trasaddasyur itindro ’nga
vidadhe nama yasya vai
yasmat trasanti hy udvigna
yauvanasvo ’tha mandhata
cakravarty avanim prabhuh
trasat-dasyuh—of the name Trasaddasyu (“one who threatens thieves and rogues”); iti—thus; indrah—the King of heaven; anga—my dear King; vidadhe—gave; nama—the name; yasya—whom; vai—indeed; yasmat—from whom; trasanti—are afraid; hi—indeed; udvignah—the cause of anxiety; dasyavah—thieves and rogues; ravana-adayah—headed by great Raksasas like Ravana; yauvanasvah—the son of Yuvanasva; atha—thus; mandhata—known as Mandhata; cakravarti—the emperor of the world; avanim—this surface of the world; prabhuh—the master; sapta-dvipa-vatim—consisting of seven islands; ekah—one alone; sasasa—ruled; acyuta-tejasa—being powerful by the favor of the Supreme Personality of Godhead.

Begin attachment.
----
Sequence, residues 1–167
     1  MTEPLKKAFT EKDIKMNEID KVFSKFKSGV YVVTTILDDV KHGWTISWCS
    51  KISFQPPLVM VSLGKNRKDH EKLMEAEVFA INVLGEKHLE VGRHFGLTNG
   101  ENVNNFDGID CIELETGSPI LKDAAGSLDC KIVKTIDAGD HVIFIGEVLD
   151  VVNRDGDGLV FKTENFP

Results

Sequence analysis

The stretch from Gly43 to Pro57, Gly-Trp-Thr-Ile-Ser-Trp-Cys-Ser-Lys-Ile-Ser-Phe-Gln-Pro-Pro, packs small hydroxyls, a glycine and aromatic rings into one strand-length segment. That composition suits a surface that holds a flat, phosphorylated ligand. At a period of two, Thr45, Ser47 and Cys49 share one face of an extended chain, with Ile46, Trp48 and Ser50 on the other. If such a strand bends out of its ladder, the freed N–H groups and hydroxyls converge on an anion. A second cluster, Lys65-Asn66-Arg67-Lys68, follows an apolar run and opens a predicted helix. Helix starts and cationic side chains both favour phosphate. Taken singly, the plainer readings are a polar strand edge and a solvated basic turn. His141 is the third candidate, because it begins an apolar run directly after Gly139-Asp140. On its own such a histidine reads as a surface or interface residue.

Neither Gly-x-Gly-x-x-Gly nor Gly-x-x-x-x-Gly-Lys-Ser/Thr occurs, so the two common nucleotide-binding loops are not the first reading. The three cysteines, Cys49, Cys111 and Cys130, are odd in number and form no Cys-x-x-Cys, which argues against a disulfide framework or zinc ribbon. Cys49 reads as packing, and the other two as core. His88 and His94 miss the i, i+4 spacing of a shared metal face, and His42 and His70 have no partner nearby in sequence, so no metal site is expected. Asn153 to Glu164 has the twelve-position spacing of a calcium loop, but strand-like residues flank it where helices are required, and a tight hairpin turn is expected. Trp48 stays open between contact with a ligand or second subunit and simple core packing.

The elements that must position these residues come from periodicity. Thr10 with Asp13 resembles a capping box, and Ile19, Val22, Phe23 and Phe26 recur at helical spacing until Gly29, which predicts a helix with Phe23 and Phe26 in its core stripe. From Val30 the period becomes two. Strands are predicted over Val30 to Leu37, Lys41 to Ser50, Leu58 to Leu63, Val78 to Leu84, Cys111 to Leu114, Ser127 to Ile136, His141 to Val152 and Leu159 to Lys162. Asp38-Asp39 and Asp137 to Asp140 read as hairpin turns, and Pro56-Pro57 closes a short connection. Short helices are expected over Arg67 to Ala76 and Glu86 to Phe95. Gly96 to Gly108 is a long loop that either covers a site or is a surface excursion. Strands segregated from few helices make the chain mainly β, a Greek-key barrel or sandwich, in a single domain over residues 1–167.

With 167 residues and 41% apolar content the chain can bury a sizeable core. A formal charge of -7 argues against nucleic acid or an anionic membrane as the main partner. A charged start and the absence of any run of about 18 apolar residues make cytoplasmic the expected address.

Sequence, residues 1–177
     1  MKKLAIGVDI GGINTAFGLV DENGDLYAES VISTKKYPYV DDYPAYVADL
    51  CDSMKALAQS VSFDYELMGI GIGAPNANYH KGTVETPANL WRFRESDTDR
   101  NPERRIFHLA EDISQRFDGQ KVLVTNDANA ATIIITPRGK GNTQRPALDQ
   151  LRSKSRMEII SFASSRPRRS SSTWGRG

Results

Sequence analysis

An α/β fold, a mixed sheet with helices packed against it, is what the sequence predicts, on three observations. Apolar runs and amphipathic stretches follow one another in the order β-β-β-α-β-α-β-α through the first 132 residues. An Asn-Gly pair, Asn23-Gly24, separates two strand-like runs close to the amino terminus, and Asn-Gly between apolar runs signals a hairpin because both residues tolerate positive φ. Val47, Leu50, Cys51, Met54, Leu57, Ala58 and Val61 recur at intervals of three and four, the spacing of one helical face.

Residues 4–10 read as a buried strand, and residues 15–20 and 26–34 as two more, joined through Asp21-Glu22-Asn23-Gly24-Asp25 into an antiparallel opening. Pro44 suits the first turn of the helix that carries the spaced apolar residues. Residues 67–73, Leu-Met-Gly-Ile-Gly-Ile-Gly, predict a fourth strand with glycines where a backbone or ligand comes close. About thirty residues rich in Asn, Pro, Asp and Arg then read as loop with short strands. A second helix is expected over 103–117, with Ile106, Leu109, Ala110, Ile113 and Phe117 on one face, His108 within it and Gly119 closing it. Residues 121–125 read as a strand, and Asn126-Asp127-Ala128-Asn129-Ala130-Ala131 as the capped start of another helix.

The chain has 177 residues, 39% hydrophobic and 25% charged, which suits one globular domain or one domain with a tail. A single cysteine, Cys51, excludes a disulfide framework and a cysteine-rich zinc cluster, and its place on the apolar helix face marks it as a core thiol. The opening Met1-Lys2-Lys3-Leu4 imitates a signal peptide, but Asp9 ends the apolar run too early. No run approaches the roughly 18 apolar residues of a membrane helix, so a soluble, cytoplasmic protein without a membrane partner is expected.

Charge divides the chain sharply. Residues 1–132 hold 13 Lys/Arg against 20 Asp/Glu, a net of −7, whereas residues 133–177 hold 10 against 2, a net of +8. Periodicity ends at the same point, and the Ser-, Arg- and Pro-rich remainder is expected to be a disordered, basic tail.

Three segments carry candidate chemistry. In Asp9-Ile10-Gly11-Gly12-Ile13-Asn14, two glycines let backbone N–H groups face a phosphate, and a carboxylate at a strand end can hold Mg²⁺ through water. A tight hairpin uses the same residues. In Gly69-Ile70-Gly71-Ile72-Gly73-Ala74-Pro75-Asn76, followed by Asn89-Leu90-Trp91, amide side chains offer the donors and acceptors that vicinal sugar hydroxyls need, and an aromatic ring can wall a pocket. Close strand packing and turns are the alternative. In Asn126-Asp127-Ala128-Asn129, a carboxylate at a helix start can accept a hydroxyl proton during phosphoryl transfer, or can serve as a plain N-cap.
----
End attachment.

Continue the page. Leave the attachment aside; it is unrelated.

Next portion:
Mandhata, the son of Yuvanasva, was the cause of fear for Ravana and other thieves and rogues who caused anxiety. O King Pariksit, because they feared him, the son of Yuvanasva was known as Trasaddasyu. This name was given by King Indra. By the mercy of the Supreme Personality of Godhead, the son of Yuvanasva was so powerful that when he became emperor he ruled the entire world, consisting of seven islands, without any second ruler.
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